At the end of last week, star fund manager Neil Woodford caused a stir when he announced that funds under his stewardship had dumped their holdings of GlaxoSmithKline(LSE: GSK).
In a blog post published on Friday titled Glexit, Woodford explained his decision to turn his back on this income champion. In summary, the move was based on Glaxo's inability to create value for shareholders. He also raised concerns about the sustainability of earnings growth, which is putting the dividend at risk.
This isn't the first time Woodford has criticised one of the market's most respected dividend champions. Earlier this year he proclaimed that BP and Shell are "liquidating themselves" as they sell assets to fund dividend distributions and BT has also come under fire due to its weak balance sheet.
The big question is, should investors now copy Woodford and dump their Glaxo holdings? Well, this is a difficult question to answer as it looks as if Glaxo is currently turning a corner.
It is difficult to disagree with Woodford's reasoning that Glaxo has struggled to create value for shareholders during the past few years.
Over the past five years, shares in the company have gone almost nowhere rising only 16% excluding dividends since mid-2012. Over the same period, the FTSE 100 has gained 34%. Glaxo has struggled as the company has lost the exclusive manufacturing rights to some of its most lucrative treatments. These headwinds have held the company back, but management has been working hard to refocus the group. New therapies are finally starting to come through the pipeline and Glaxo's $20bn asset swap with peer Novartis has given it a leading position in the market for consumer pharmaceuticals.
Woodford has long argued that Glaxo should break itself up, which would unlock value as well as allowing management to spin-off underperforming divisions. A lack of action by management on this front is cited as being one of the reasons why he has decided to sell, but it's not clear if such a strategy would help the business. Glaxo's biggest strength is its diversification and by breaking the business up, the company would lose this crucial advantage. Woodford also argues that without such a strategy Glaxo's dividend is in jeopardy. Maybe so, but if the business broke up, some parts would fare better than others, and the lack of diversification, as well as higher costs, may mean that while value is created in the short term, over the long term investors could lose out.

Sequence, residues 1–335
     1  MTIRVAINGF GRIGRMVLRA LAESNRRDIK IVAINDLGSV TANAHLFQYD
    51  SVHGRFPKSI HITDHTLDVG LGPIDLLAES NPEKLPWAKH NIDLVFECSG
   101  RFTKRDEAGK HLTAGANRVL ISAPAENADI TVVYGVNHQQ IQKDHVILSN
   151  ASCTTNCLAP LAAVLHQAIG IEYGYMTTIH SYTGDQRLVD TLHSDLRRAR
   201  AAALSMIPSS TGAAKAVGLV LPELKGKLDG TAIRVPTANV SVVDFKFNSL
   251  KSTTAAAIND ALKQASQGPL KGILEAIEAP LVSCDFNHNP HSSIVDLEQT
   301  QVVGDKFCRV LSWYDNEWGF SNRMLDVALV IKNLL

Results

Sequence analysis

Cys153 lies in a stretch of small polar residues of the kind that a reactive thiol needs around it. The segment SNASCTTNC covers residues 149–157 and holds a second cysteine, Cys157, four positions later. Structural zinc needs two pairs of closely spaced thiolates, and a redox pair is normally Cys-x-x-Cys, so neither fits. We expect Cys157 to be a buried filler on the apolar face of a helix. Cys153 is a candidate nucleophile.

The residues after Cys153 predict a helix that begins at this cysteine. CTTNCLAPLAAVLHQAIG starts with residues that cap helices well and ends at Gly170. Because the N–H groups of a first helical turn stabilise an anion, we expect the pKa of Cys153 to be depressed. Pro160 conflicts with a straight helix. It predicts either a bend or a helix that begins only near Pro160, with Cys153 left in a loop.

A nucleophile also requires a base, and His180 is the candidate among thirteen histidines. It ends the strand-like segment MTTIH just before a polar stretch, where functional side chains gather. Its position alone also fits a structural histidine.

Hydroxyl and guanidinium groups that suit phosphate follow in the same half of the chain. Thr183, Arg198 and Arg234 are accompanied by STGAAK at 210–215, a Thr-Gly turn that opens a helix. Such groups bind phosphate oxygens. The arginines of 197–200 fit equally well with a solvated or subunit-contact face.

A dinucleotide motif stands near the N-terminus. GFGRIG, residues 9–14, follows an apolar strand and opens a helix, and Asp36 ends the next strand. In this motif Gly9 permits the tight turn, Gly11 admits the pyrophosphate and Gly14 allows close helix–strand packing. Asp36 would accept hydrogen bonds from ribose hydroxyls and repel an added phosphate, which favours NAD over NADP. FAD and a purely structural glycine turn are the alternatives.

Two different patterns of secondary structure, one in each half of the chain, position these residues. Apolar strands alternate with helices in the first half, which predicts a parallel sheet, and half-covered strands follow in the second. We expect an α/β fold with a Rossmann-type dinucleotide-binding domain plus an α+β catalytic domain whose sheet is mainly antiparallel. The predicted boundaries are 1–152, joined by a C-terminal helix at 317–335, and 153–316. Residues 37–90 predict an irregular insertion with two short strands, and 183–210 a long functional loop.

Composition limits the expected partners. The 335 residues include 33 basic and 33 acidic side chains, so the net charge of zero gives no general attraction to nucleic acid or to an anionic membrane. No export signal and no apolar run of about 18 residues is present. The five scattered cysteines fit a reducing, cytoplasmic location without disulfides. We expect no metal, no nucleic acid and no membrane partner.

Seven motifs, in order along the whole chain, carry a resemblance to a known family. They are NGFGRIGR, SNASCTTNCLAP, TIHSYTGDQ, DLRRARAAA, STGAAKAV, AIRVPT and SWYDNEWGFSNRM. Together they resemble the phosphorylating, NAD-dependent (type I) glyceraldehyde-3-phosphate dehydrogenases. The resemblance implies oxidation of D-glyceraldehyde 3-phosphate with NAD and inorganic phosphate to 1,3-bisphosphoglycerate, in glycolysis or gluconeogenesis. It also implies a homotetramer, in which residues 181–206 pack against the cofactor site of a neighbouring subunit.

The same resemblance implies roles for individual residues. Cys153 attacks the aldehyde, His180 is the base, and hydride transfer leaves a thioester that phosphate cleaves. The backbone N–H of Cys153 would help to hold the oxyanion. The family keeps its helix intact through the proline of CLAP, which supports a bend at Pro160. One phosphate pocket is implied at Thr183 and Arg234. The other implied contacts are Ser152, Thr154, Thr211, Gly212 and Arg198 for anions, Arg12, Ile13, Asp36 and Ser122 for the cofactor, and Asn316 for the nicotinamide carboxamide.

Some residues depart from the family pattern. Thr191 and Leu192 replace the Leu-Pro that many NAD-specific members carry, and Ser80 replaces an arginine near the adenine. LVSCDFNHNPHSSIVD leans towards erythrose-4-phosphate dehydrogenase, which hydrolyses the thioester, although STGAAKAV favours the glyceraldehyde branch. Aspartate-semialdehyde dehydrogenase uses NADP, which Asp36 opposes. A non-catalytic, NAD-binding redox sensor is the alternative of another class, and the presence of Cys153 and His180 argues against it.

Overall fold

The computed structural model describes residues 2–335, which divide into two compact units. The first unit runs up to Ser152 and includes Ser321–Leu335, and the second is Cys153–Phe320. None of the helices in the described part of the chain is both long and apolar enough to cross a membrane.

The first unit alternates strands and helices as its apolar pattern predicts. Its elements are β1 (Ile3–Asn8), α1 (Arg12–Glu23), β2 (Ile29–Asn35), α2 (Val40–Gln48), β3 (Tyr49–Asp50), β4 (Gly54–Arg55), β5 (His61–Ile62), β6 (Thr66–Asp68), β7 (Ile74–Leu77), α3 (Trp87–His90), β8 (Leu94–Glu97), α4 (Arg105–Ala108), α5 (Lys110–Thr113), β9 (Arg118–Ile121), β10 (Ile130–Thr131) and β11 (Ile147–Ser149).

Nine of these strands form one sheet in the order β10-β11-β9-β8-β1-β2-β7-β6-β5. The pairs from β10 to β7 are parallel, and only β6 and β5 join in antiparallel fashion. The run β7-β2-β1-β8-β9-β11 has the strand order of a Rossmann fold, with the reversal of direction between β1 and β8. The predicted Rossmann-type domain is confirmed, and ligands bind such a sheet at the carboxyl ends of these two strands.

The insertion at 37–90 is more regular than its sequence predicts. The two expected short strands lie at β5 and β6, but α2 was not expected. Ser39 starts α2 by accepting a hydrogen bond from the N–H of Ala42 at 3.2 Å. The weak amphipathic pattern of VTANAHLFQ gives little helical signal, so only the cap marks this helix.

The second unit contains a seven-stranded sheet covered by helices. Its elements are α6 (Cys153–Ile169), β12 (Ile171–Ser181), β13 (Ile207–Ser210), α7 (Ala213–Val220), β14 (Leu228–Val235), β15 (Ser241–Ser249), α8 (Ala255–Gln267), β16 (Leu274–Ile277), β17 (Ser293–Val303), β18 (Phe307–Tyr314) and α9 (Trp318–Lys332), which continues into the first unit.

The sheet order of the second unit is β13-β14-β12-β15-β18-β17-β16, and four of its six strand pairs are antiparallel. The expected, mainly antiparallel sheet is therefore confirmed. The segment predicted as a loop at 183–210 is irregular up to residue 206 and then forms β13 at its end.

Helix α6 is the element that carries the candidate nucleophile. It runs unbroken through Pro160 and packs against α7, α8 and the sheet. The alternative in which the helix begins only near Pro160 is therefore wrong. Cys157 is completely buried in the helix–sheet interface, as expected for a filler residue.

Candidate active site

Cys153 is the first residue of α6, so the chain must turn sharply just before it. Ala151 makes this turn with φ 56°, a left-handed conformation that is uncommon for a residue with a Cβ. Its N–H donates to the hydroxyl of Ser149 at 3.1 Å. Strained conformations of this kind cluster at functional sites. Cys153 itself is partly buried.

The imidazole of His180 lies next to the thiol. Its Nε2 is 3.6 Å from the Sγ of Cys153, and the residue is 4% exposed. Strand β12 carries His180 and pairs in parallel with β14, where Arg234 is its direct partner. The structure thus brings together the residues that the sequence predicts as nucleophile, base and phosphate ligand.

Having said all of the above, it is almost impossible to tell what the future holds for Glaxo and the company's dividend. Still, over the past five years management has proven itself by reigniting earnings growth. Overall group sales grew by 5% year-on-year at constant exchange rates for the first quarter and based on current City forecasts, this year Glaxo's earnings are expected to cover the company's per-share dividend payout by 1.4 times.
All in all, while Neil Woodford might have his doubts about the sustainability of the 5.2% dividend yield, it does not look as if now is the time to sell. Glaxo's sales growth is just starting to pick up, and the company's outlook is brighter than it has been for several years.
Your own investment process
Neil Woodford might be one of the UK's most respected fund managers but every investor has different goals, and while Woodford might believe it's time to sell Glaxo, it does not necessarily mean that it's the right decision for you.
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Rupert Hargreaves owns shares of GlaxoSmithKline and Royal Dutch Shell B. The Motley Fool UK owns shares of and has recommended GlaxoSmithKline. The Motley Fool UK has recommended BP and Royal Dutch Shell B. Views expressed on the companies mentioned in this article are those of the writer and therefore may differ from the official recommendations we make in our subscription services such as Share Advisor, Hidden Winners and Pro. Here at The Motley Fool we believe that considering a diverse range of insights makes us better investors.